“About 350,000 vehicles daily cross 60th St. into the central business district of Manhattan,” he observed. “If we don’t toll at 60th St. in addition to the East River bridges, we’re going to be giving up a huge amount of revenue. We’ll be leaving dollars on the table that we need to capture to fully fund public transportation in the city.”
The panelists concurred that funding mass transit was the best use for toll monies collected and was the only likely way of selling congestion pricing to various constituencies that would have to approve it.
“We did a poll of more than 600 people who always vote in New York City primaries,” said panelist Paul Steely White, executive director of Transportation Alternatives. “When we asked them, ‘Do you think the following issue is very important, kind of important or not important at all?’ — by far the one issue that resonated with voters was improving transit. It was right up there with job creation and the economy in terms of issue importance.” On the other hand, White noted, “Traffic congestion and some of these other issues were way down the list.”
White said that those who are intent on passing some form of congestion pricing should highlight the transit benefits.
“The $90 million saved last year with massive transit cuts that included three subway lines and 30 bus lines is a fraction of what most estimates are of the revenue that could be generated by congestion pricing,” he said.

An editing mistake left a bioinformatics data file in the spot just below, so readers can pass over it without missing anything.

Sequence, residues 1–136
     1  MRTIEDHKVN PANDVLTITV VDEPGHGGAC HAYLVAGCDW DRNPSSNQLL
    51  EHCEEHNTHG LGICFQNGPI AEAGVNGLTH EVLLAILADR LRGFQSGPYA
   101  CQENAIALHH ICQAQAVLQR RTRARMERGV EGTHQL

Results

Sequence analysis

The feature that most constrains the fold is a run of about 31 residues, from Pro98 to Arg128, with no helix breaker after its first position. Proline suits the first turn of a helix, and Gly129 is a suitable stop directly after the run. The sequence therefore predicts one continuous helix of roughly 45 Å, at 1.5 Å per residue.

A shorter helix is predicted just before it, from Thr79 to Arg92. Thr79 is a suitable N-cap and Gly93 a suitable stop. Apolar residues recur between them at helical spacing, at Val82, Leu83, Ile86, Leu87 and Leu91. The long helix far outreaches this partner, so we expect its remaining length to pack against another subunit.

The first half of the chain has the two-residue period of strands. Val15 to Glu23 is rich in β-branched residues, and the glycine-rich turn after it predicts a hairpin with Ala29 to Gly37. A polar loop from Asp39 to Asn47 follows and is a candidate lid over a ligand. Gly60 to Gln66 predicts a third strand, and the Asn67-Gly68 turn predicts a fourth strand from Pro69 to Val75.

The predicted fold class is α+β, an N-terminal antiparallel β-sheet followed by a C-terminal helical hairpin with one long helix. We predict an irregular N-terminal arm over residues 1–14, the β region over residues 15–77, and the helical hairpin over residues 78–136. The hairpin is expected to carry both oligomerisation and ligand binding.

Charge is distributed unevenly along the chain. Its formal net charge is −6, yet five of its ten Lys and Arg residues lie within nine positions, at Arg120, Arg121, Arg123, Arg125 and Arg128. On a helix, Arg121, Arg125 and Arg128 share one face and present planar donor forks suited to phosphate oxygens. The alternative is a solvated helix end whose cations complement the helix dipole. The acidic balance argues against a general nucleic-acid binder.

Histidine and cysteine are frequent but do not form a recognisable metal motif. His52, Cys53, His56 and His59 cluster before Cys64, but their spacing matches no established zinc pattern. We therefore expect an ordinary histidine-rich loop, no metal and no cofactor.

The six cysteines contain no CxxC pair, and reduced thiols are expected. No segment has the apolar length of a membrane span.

As for the deluge of traffic coming into Lower Manhattan about which Secunda complained at the start of the session, the panelists believed that higher costs for driving and improved mass transportation would cause many people to choose not to drive.
“Pricing works,” said Cohen. “When gas prices go up, Port Authority and M.T.A. crossings that can be tracked via E-ZPass show that vehicle ridership is significantly reduced.”
However, not everyone in attendance warmed to the congestion pricing solution that the panelists embraced.
A man in the audience said that he lives in Manhattan but his work takes him to Queens and Staten Island every day.
“Do you realize how much that costs in tolls?” he asked the panel. “A lot of people travel for business. I happen to have a bad knee. I had a knee operation. I need my car to go to work. I would have to take a subway, a bus and the Long Island Railroad — it would take two and a half hours. People have issues [with congestion pricing] — not just emotional issues. They have financial issues.”
“If we don’t pay for stuff now, then we just saddle the next generation with it,” said panelist Kate Slevin, executive director of the Tri-State Transportation Campaign. “Do you want to pass on a good subway system with an affordable fare? Or do you want to pass on a system that’s falling to pieces again and bridges that are falling down because of debt? That’s why I think congestion pricing is a good thing.”
Nevertheless, the panelists admitted that money raised by congestion pricing, were it enacted, might not go to the purposes for which it was intended should the lawmakers in Albany need it to plug a hole in the budget.
And meanwhile, traffic on streets fed by the East River bridges continues unabated. A woman in the audience who lives on Broome St. near Lafayette said that she hears seven hours of honking a day.
“Every day, I’m living with cars, even though I don’t own one,” she said. “I want to see some relief for this community.”